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Types of risk

Updated on March 17, 2012

Various risks in the electricity market

The strategic, market, and technical risks are the three main sources of risks for the players in the electricity market.

Strategic risk is often called political risk and it is associated with changes in regulations and legislation. For example there may be changes in energy legislation, changes in concessions for power plants, new rules for export/import to foreign countries, changes in the domestic interest rate level, changes in the currency rate, and solvency problems in important customer groups.

Market risk is the dominating risk and is associated with changes in prices resulting from uncertainties in supply and demand of electrical energy. The supply of electricity is influenced by many conditions. In a hydropower-based system precipitation and inflow will be very important. In addition the temperature conditions are of importance since it affects the consumption and timing and speed of snow melting. Multi-year water reservoirs and import agreements during dry years contribute to decrease this uncertainty. Export of power to foreign countries affects the expectation about the future electricity price. If there is surplus of thermal energy in the foreign countries this could give decreased prices in a hydropower-based system such as the Norwegian one. Conversely, if the thermal energy producers are heavily taxed this would give an increase in the electricity prices in the Norwegian system.

The electricity demand depends on many uncertain factors that affect the future electricity price. Temperature development in the long-run will affect the demand growth. In the short-run the uncertainty about the temperature has great influence, because it can change the assumptions for possible bidding in the spot market. The general activity in the economy will influence demand. If the level is high, the energy demand is high and with it the electricity demand. If a part of the electricity intensive industry is shut down, it will give a large surplus of electricity and therefore decrease the prices for a substantial time. The technological development will also have significance for the demand for electricity. Investments in energy efficiency equipment will typically give a reduced demand for electricity. New energy effective technology can change the consumers’ demand pattern. Technological and financial developments can also change the demand and lead to competition between different energy carriers and energy forms.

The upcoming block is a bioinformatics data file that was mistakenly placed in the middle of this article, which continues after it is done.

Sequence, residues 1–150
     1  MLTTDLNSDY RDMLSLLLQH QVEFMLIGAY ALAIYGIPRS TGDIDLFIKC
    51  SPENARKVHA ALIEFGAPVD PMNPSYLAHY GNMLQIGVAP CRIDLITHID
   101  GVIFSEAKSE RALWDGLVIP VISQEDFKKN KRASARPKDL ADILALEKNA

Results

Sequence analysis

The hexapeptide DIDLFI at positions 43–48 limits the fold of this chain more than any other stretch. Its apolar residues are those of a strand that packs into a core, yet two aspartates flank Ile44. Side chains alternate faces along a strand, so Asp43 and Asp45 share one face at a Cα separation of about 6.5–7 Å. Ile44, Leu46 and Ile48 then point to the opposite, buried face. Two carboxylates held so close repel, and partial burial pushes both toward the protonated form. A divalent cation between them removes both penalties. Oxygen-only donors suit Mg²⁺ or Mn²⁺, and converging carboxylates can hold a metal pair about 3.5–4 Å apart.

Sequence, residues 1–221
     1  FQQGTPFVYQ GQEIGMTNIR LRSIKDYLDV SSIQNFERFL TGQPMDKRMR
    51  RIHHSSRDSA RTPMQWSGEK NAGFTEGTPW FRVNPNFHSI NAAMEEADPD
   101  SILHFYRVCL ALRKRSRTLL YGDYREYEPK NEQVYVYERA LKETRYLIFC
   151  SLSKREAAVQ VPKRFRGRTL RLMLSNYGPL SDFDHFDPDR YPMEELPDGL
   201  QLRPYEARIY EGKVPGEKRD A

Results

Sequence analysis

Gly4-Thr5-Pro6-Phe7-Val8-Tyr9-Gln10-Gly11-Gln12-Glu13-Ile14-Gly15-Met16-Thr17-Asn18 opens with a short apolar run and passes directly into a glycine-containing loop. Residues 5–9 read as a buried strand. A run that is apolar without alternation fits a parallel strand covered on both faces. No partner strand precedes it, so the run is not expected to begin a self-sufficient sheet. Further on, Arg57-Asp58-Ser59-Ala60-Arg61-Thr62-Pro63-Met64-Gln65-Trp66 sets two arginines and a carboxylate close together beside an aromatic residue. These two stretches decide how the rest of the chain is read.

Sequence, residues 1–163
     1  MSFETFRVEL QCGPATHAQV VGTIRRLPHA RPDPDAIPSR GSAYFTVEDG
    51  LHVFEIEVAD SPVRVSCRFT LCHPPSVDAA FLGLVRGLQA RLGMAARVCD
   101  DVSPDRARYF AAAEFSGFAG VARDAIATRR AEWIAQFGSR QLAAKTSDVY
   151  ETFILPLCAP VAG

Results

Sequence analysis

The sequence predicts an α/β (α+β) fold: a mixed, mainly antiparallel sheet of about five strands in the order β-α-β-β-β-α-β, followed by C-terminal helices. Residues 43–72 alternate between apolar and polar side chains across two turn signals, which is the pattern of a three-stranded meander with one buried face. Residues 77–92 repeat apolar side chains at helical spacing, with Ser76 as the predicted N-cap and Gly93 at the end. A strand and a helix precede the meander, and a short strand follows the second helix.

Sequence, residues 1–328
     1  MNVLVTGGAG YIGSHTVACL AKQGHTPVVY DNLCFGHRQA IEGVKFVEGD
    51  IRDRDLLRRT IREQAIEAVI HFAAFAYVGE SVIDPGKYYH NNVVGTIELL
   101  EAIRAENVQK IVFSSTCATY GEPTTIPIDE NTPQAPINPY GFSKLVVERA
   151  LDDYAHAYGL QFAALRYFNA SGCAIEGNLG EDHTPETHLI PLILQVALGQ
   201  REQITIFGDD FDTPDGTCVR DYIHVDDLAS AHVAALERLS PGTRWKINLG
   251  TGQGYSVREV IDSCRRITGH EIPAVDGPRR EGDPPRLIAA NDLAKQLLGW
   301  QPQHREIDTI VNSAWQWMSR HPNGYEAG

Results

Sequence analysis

The main components of market risk are price, basis (spot price minus futures price), volume, counter-party, and liquidity risk. Price risk is associated with uncertainty in future price. Basis risk is due to the price difference between the spot price of the asset to be hedged and the futures price of the contract used. If the asset to be hedged and the asset underlying the futures contract are the same, the basis should be zero at the expiration of the futures contract. Volume risk is associated with uncertainty in the future volume. Counter-party risk is associated with the counter part being uncertain payer or supplier. Liquidity risk is the risk that a firm may not be able to, or cannot easily, unwind or offset a particular position at or near the previous market price, because of inadequate market depth.

In order to understand market risk we must model changes in price, understand the volatility for individual markets and the correlations between different markets. At a higher level, one can face the risk of poorly liquid markets that makes price discovery and hedging difficult.

Market risk is a major problem for participants that generate electricity subject to inter-temporal constraints. These are power plants where decisions taken at one time interval can restrict decisions taken after that. Storage hydro systems, plants with ramp-rate constraints, and plants with start-up costs are some examples of plants with inter-temporal constraints.

Technical risk is associated with outages of generation and transmission facilities. Distribution companies will be exposed to this risk. Technical risk does not affect the electricity market and the contract portfolio extensively because outages have short duration and occur infrequently.


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